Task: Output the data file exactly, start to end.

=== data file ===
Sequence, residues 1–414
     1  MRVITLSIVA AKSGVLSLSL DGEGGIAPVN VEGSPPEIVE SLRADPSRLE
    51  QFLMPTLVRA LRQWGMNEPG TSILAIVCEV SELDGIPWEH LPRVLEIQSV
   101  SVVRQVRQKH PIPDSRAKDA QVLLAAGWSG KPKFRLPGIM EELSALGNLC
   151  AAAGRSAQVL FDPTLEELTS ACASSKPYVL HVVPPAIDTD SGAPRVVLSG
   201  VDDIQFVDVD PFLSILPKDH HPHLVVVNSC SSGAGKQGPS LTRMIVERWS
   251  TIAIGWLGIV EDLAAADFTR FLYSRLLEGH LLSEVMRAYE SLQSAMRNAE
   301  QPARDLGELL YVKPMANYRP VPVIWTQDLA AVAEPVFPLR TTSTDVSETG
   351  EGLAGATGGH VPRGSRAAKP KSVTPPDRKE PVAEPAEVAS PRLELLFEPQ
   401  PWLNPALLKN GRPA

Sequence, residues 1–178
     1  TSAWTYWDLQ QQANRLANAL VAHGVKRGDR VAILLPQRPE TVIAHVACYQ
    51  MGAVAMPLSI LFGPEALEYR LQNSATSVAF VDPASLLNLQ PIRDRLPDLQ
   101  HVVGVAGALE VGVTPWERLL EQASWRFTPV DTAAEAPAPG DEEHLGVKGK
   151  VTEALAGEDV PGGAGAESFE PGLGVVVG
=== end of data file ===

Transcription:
Sequence, residues 1–414
     1  MRVITLSIVA AKSGVLSLSL DGEGGIAPVN VEGSPPEIVE SLRADPSRLE
    51  QFLMPTLVRA LRQWGMNEPG TSILAIVCEV SELDGIPWEH LPRVLEIQSV
   101  SVVRQVRQKH PIPDSRAKDA QVLLAAGWSG KPKFRLPGIM EELSALGNLC
   151  AAAGRSAQVL FDPTLEELTS ACASSKPYVL HVVPPAIDTD SGAPRVVLSG
   201  VDDIQFVDVD PFLSILPKDH HPHLVVVNSC SSGAGKQGPS LTRMIVERWS
   251  TIAIGWLGIV EDLAAADFTR FLYSRLLEGH LLSEVMRAYE SLQSAMRNAE
   301  QPARDLGELL YVKPMANYRP VPVIWTQDLA AVAEPVFPLR TTSTDVSETG
   351  EGLAGATGGH VPRGSRAAKP KSVTPPDRKE PVAEPAEVAS PRLELLFEPQ
   401  PWLNPALLKN GRPA

Sequence, residues 1–178
     1  TSAWTYWDLQ QQANRLANAL VAHGVKRGDR VAILLPQRPE TVIAHVACYQ
    51  MGAVAMPLSI LFGPEALEYR LQNSATSVAF VDPASLLNLQ PIRDRLPDLQ
   101  HVVGVAGALE VGVTPWERLL EQASWRFTPV DTAAEAPAPG DEEHLGVKGK
   151  VTEALAGEDV PGGAGAESFE PGLGVVVG